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60-Day Delinquencies Rise by 21.2 Percent in 2Q

September 10, 2009

SCHAUMBURG, Ill. — Automotive loans that are 60 days past due rose by 21.7 percent in the second quarter 2009 compared to the year-ago period, according to Experian Automotive.

During its quarterly State of the Auto Finance Market Webinar, Experian Automotive provided a comprehensive view of the market in the first half of 2009 compared with the first half of 2008.

In the second quarter of 2009, 0.80 percent of all automotive loans were 60 days past due, compared with 0.66 percent in the year-ago period. Thirty-day delinquencies also rose by 14.6 percent in the second quarter to 3.06 percent, up from 2.67 percent the year before. Combined, 30- and 60-day delinquencies accounted for $25.5 billion in at-risk loans.

“Challenging economic times continue to take a toll on the automotive finance world,” said Scott Waldron, president of Experian Automotive. “As the recession continued to drag on during the second quarter, the rate of delinquency rose much faster from the first to second quarter than it did the previous year. This caused lenders to tighten criteria and push some consumers out of the new vehicle market.”

Experian Automotive’s analysis showed that market conditions were pushing a higher percentage of vehicle shoppers into used-vehicle financing. Used-vehicle financing rose by 5 percent from the first half of 2008 (62.73 percent) to the first half of 2009 (66.06 percent). This shift in used market share did bring increased market share to independent used-vehicle retailers, who saw their financing share rise by more than 7 percent year-over-year (30.88 percent in the first half of 2008 to 33.11 percent in the first half of 2009).

There were other positive signs in the market based on loan attributes. The average length of newly originated loans for new vehicles dropped from 63 months in the first half of 2008 to 62 months in the first half of 2009. In addition, the average loan amount rose by $105 to $24,265 in the first half of 2009, up from $24,160 in the first half of 2008. Despite the rise in total loan amounts, average monthly payments on new car loans dropped from $458 in the first half of 2008 to $453 in the first half of 2009.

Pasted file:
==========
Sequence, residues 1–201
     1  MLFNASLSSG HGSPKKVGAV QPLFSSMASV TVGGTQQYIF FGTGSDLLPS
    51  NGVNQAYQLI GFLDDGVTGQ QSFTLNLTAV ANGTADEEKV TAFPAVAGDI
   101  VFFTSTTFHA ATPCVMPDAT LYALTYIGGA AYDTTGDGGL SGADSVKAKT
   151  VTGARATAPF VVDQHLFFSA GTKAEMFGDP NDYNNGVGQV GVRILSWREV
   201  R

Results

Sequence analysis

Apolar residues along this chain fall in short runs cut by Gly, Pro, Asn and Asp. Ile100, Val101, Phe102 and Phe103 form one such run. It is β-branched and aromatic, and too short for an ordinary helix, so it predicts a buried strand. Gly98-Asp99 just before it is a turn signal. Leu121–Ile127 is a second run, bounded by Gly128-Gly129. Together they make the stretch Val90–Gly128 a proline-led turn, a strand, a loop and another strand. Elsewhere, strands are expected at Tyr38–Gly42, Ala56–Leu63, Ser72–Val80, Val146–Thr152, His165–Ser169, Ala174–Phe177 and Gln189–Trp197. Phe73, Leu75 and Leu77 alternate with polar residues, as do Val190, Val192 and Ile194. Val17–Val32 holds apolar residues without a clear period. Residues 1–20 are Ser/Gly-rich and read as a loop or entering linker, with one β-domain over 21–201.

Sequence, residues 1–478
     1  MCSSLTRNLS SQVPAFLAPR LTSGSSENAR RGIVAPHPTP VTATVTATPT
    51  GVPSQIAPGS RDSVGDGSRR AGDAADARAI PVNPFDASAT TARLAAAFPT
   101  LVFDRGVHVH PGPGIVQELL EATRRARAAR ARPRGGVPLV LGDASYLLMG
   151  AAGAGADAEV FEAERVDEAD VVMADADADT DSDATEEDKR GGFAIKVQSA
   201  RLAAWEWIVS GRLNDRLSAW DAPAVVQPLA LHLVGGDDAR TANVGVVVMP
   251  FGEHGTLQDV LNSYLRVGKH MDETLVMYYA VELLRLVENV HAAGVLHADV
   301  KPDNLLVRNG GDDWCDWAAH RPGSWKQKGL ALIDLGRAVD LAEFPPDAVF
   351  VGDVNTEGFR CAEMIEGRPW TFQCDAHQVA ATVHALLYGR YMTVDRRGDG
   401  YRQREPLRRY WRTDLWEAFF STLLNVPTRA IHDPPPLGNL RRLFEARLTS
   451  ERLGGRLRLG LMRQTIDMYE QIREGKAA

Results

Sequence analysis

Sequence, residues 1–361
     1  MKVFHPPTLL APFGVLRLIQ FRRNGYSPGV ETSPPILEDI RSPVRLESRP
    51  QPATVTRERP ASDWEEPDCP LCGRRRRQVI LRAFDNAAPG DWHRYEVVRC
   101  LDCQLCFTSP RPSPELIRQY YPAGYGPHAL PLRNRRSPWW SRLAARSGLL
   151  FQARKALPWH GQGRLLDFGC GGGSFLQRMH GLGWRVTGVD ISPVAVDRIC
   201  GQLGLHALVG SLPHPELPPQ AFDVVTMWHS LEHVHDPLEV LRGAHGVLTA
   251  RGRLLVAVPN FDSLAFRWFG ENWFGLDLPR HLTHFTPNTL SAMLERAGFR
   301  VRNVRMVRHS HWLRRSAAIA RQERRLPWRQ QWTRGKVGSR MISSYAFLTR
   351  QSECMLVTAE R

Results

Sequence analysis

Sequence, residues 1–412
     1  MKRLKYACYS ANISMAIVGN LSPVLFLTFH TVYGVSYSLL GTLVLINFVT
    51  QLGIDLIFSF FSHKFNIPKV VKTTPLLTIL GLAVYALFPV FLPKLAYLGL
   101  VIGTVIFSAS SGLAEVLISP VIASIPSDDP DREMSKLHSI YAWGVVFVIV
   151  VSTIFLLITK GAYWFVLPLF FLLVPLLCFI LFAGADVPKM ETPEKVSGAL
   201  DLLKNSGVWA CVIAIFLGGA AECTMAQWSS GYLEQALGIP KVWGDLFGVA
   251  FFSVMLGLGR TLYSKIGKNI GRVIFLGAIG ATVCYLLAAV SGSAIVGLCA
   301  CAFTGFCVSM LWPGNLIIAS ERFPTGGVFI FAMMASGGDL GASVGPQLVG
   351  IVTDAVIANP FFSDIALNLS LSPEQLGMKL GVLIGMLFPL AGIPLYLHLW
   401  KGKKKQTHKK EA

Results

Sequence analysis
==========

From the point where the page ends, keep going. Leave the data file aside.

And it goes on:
“Consumers were financing larger amounts for new vehicles in the first half of 2009 compared with the first half of 2008, which could be a sign that overall consumer confidence is starting to rebound,” said Melinda Zabritski, director of automotive credit for Experian Automotive. “If new vehicle loan amounts continue to see increases into the third quarter, it will be a very positive sign for the auto industry.”

Other findings:

• Top 20 lenders overall represented 42 percent of all loans originating in the first half of 2009. This was a 5.38 percent decrease year-ago period.

• Top 20 lenders by market share: Chase, Wachovia, Toyota, Ford, Honda, GMAC, Bank of America, Capital One, Chrysler, Nissan Infiniti, 5th 3rd

• Bank, BMW Bank, Citizens Auto, U.S. Bank, BB&T Bank, Credit Acceptance, USAA, SunTrust Bank, CarMax, Volkswagen.

• Three states had a reduction in 30-day delinquencies: Alaska (15 percent), Nebraska (3 percent) and Michigan (2 percent).

• The states with the largest percentage increase in 30-day delinquencies were Idaho (61 percent), Montana (38 percent), Hawaii (32 percent), Washington (28 percent) and Utah (27 percent).

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